Friday, October 31, 2008


Wednesday, October 29, 2008

Mathew Padilla

Sunday, October 26, 2008

Greenspan's Blind Faith

Ben Jones, blogger and independent economic analyst for the Housing Bubble Blog says the former Chairman of the Federal Reserve had plenty of opportunities to see the writing on the wall for the current financial crisis.

Thursday, October 16, 2008

Wednesday, October 15, 2008

The eye of the storm has just passed over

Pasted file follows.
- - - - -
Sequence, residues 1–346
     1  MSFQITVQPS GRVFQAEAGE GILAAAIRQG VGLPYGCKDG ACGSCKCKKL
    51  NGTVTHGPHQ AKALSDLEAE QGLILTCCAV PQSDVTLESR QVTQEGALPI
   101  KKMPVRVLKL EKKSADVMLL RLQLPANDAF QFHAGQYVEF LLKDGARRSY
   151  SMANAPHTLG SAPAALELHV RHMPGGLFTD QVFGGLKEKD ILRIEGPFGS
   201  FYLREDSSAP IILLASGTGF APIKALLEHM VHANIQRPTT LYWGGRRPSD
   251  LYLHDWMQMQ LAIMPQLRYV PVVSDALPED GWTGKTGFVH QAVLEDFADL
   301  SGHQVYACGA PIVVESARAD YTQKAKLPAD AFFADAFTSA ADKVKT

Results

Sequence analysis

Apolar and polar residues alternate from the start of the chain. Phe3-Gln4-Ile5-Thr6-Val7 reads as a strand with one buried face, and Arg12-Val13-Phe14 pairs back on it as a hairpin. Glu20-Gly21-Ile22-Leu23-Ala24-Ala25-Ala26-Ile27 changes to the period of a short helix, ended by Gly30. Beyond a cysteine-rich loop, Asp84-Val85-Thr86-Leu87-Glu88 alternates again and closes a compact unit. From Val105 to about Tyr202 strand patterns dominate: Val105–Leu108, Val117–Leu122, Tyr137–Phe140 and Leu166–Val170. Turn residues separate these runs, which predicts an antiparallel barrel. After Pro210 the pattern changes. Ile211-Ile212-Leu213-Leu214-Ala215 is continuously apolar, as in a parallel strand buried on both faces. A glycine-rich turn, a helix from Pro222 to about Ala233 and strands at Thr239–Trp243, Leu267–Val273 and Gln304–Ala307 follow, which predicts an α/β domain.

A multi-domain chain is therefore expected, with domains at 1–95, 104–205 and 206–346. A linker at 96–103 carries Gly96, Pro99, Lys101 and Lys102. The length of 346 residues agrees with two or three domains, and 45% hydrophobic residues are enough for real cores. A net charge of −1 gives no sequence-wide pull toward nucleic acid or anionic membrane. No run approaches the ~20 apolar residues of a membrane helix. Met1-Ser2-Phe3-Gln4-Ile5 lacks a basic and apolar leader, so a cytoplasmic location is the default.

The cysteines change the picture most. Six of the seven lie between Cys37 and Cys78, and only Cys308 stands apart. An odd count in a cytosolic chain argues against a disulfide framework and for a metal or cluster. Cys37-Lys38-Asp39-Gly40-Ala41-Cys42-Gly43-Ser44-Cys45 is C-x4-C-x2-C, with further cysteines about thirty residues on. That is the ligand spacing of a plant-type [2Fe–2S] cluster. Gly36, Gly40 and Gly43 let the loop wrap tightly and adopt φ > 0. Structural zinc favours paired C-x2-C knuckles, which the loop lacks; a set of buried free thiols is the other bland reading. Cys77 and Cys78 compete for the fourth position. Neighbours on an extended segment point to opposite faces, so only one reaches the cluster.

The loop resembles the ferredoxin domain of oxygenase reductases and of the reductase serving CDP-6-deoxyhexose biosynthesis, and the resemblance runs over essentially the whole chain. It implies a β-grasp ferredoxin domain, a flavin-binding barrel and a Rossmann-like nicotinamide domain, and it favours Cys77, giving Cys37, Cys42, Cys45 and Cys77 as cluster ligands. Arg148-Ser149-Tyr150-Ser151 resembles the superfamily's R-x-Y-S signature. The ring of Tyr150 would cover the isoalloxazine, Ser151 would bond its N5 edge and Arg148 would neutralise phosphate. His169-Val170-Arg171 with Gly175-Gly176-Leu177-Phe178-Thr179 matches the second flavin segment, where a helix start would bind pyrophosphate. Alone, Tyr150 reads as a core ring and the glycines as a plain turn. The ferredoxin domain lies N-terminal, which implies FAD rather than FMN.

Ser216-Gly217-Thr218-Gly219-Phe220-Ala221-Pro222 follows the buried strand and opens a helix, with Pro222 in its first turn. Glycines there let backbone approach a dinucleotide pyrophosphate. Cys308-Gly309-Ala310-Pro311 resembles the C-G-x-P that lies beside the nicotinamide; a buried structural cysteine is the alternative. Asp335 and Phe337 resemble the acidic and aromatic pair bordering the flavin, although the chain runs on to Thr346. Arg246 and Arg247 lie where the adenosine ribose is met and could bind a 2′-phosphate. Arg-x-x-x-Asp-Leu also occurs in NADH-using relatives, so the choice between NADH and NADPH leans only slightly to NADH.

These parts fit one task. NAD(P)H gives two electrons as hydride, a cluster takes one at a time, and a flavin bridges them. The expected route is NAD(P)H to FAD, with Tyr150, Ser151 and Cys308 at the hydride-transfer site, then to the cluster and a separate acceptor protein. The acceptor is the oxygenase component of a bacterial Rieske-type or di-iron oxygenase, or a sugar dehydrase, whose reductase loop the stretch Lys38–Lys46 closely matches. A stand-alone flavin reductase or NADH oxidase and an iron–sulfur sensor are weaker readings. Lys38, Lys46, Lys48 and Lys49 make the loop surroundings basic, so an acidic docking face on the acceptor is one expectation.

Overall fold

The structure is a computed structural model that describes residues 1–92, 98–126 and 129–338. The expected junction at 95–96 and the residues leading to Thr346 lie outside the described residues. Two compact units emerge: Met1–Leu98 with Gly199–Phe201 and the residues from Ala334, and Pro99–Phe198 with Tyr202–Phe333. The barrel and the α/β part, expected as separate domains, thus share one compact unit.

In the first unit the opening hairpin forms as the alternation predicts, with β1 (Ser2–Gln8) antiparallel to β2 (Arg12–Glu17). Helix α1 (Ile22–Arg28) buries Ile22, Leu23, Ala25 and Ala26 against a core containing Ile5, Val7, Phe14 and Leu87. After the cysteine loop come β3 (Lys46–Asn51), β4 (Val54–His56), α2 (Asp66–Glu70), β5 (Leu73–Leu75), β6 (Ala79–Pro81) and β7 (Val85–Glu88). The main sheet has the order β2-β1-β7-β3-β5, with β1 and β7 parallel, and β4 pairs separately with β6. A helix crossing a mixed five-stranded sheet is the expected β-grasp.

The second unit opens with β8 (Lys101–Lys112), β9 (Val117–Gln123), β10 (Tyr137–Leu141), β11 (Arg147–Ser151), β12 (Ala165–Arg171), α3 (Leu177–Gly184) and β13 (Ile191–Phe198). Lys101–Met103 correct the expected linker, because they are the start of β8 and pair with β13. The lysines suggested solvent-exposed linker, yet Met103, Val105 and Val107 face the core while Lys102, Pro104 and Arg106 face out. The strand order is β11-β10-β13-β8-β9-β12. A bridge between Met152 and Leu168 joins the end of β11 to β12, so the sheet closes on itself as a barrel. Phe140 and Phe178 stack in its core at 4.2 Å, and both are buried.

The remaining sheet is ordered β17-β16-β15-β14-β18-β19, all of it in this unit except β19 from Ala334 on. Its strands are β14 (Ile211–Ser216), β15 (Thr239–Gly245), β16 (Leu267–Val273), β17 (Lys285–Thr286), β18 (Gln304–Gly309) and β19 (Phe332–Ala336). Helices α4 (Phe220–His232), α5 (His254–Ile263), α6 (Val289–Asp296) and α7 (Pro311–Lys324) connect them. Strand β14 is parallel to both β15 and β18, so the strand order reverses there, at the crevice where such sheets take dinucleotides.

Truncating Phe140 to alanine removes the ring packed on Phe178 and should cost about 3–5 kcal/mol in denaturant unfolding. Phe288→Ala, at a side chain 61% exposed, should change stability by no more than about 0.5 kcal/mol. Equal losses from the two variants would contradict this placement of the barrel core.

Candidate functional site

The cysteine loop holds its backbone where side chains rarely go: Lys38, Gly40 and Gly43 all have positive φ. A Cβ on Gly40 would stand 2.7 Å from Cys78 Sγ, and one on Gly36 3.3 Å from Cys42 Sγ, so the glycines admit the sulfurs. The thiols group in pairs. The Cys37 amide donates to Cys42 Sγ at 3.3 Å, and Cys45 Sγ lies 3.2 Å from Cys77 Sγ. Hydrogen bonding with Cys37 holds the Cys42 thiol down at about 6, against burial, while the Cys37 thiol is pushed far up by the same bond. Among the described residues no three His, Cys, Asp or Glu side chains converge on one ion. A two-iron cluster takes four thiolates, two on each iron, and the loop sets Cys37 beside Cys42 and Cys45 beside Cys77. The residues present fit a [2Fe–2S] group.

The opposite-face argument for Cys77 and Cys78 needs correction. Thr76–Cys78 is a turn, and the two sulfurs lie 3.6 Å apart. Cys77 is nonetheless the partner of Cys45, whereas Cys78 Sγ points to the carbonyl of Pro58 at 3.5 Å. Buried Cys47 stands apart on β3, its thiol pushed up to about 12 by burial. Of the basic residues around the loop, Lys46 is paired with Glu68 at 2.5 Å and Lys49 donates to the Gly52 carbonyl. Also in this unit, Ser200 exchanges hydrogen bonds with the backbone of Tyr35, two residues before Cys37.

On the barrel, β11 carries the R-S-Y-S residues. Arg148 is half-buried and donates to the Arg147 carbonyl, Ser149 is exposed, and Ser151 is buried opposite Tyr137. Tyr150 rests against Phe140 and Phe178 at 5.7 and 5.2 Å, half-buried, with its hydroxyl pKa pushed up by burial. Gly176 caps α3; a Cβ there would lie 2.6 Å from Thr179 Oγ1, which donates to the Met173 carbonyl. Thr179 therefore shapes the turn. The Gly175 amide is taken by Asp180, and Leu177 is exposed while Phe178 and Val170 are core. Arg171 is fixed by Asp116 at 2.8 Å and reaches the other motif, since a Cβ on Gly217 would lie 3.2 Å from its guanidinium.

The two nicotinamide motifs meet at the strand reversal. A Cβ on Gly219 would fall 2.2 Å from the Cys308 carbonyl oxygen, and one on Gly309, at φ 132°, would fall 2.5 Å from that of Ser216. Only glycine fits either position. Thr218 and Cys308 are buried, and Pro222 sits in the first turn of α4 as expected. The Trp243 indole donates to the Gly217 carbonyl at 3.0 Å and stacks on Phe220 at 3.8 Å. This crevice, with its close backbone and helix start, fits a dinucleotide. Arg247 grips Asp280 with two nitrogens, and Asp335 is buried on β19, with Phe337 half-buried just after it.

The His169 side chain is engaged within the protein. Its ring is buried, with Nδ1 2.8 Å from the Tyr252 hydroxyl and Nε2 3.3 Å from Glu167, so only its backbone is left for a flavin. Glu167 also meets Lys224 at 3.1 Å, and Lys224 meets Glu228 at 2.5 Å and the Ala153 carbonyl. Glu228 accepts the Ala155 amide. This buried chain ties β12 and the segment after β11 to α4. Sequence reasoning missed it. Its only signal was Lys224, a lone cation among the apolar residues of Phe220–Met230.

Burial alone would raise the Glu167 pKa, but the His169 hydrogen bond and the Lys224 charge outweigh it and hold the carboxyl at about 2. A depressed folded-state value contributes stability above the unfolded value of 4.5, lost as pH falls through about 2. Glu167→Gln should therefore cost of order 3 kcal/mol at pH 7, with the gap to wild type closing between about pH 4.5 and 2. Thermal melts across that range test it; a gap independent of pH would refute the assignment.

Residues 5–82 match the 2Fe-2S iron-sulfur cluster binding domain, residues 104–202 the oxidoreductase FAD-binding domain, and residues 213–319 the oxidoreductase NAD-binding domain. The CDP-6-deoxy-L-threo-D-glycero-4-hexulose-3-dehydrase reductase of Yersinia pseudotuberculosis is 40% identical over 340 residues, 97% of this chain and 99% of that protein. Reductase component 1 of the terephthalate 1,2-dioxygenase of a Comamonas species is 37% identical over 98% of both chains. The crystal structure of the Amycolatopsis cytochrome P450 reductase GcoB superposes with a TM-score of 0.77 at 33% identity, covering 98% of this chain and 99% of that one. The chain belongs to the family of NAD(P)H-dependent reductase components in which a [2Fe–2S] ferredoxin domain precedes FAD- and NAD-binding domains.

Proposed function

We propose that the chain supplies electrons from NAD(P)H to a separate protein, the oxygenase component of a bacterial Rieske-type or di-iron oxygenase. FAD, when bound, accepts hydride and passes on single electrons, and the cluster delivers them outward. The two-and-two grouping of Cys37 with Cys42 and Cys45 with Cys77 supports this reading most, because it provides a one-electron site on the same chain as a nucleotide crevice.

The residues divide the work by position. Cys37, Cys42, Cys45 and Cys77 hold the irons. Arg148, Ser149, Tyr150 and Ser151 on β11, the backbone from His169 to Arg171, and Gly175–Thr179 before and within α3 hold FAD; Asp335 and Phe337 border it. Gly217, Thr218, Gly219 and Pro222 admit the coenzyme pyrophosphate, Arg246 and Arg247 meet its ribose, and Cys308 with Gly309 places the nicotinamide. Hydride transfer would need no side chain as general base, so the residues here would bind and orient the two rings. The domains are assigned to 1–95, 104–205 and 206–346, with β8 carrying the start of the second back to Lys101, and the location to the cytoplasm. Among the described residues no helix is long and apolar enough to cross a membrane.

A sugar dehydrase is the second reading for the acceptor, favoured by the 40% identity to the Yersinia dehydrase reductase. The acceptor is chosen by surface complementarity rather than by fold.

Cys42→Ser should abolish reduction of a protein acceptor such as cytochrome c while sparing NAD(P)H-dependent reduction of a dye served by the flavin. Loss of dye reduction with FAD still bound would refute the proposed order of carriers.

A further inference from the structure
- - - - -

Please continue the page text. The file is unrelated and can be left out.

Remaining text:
It is a great surprise that three small islands off North Western Europe have been the cause, and the cure, of the crisis. It was Ireland's emergency guarantee of all deposits which set off the nuclear reaction: risible, because its blanket nature covering all deposits for its six banks worked out at $576bn, nearly three times gross domestic product, $130,000 per head or $200,000 per person in employment. Within these numbers was a sub-liability of nearly $50,000 per head over foreign deposits, mostly British. Despite now excellent Anglo-Irish relations, if these guarantees had been called, they could never have been paid. Immediately Germany, Spain, Greece and smaller countries followed suit. Mildly anti-EU British politicians then peculiarly started to bleat about supra-national solutions - an impossible dream - and did nothing. More sensible foreign leaders reacted nationally to the inevitable consequences of their electorates seeing their local banks disappear in a puff of smoke. Fortunately, market mechanisms then kicked in. Large British deposits were being sucked out, into unreal Irish bank guarantees at an alarming rate. Meanwhile in Iceland, the third offshore island, the entire bank system finally decided to die. Although this was assured much earlier (see Pick of the Week No. 48, "Abdul and Jorvik Go Shopping"), it had staggered on for a surprisingly long time. The twin Irish/Iceland events resulted in dramatic falls in British asset prices and even worse gridlock in the lending markets. Outflows to Ireland were swiftly followed by a sudden realisation that simply idiotic deposits worth over £5bn had been placed into hopeless Icelandic-owned institutions and were about to disappear. Depositors included over 100 UK local government authorities as well as unwise financial intermediaries. Without warning and in a single bound, the British governing class leapt from narcolepsy to sprinting at gold medal speed.